The previous board prior to my joining the board conducted the majority of business using Unanimous Consent based on nonprofit corporation law. I brought this to their attention and said we only need to meet more frequently to be in compliance with the law. They to date have refused to do so and the property management company with the CAI certified property manager have not clearly said it is a violation of law. They’re quite the joke!
    I resigned after the new board election did not change anything and I would be fighting another whole year with every decision to have open meetings. The other two board members like to point their finger that I am the reason nothing is being done. I felt I had no choice but to resign.
    I wish the statute had some teeth in it. For instance, an automatic civil penalty against the property management company for being complicit in any violation of the open meeting law unless they can show they explicitly informed the Board that this was against the law at each attempt to violate the open meeting law.
    In my experience, the property management company doesn’t want to come to more meetings either.

    1. dennisl

      Scott;
      You are correct and the management company and other board members are wrong. Action by unanimous consent without a meeting is a direct violation of the open meeting laws for HOA’s ARS 33-1804, if that action was not an emergency that could not wait for the 48 hours required for notification of an open meeting.

      It is long and well established in Arizona case law that general statutes cannot supersede or usurp more specific statutes. That is what is happening here. The HOA industry has claimed that since most if not all HOA’s have been incorporated as non profit corporations that then can use NPC laws to apply to these HOA’s. That can only happen if there are no conflicts with any provision of the more specific statutes of Title 33 chapters 9 and 16. NPC have no open meeting laws. The attorneys that drive this behavior also wrote most of the governing documents for these communities and I again would bet that every set of governing documents specifically include and allowed action without a meeting for the board.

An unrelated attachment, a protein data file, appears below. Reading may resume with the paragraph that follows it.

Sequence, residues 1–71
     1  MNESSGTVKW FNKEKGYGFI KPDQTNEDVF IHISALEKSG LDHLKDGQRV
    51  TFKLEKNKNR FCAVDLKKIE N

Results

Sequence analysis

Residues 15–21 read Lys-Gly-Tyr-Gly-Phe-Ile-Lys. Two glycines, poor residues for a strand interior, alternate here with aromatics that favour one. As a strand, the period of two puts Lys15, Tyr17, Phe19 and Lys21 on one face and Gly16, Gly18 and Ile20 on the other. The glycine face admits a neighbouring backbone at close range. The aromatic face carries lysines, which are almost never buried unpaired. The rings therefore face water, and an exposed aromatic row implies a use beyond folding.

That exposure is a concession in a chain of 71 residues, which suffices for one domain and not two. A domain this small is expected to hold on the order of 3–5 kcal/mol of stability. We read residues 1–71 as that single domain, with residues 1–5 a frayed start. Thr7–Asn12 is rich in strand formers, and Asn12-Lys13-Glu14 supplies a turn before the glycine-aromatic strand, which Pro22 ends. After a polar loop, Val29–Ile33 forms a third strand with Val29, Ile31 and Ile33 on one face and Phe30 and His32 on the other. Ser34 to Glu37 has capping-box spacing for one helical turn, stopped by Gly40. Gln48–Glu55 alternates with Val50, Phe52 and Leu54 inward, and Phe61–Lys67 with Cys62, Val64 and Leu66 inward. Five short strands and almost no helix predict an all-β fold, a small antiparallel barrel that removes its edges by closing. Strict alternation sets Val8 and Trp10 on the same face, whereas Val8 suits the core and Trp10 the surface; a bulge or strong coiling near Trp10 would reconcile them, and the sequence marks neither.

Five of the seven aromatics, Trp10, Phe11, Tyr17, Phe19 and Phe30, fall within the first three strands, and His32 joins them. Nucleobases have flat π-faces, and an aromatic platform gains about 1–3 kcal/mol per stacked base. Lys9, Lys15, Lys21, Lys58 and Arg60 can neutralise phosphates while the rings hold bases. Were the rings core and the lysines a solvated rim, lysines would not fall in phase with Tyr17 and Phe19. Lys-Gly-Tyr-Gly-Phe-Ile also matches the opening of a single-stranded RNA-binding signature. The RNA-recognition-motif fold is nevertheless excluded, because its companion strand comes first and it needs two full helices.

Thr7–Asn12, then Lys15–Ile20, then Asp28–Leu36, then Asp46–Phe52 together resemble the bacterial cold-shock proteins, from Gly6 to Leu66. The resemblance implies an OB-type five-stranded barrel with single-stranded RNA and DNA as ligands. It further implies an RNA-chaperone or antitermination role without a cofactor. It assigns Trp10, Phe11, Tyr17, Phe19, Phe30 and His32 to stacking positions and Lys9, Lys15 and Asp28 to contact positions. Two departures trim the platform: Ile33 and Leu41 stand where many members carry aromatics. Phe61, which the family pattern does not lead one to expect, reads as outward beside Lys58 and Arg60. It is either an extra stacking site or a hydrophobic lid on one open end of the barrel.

If you want to stop this behavior, get copies of the minutes of every time your board conducted any business via written consent without a meeting. Then file a petition to the Department of Real Estate against the board for violation of the HOA open meeting laws. It will initially cost you $500 to do this but the association will be forced to pay you back when you win. I can help you prepare for the hearing before the Administrative law judge and provide you at least 3 other cases on the exact same issue that were all won by the homeowner.

      if you decide to pursue this approach contact me at the e-mail address above.

      Thanks
      Dennis

  6. Chris BC

    Hello Dennis,

    I found the DeBoer v. Turtle Rock III HOA decision, but not anything to do with “tribunal” as shown in the OP above, nor language about emails for decision making. Can you point me to a copy of what the OP refers to?

    As you might guess, my HOA board and management company have been conducting business via email lately. I’m asking for all emails and I want to stop the recent opaque actions.

  7. dennisl

    Chris;
    I’m not sure what exactly you are looking for. While title 10 in section 3821 allows corporate boards to take action without a meeting, Title 10 for corporations have no open meeting laws. HOA’s and Condo’s do have open meeting laws that take precedence (specific statute always take precedence over general statutes) over the Title 1`0 provisions. Any communication between a quorum of the board discussing community business even if no action is taken even by technological means (e-mails) constitute a meeting subject to the open meeting laws for HOA’s and Condo’s.

    There are many ways to conduct business under the open meeting laws but it take forethought and planning. If you wait to the last minute or don’t think ahead as a board it will seam hard. If you actually thing about what you have do ahead of time it is quite easy to conduct all the business you need within the normal meeting schedule for the association.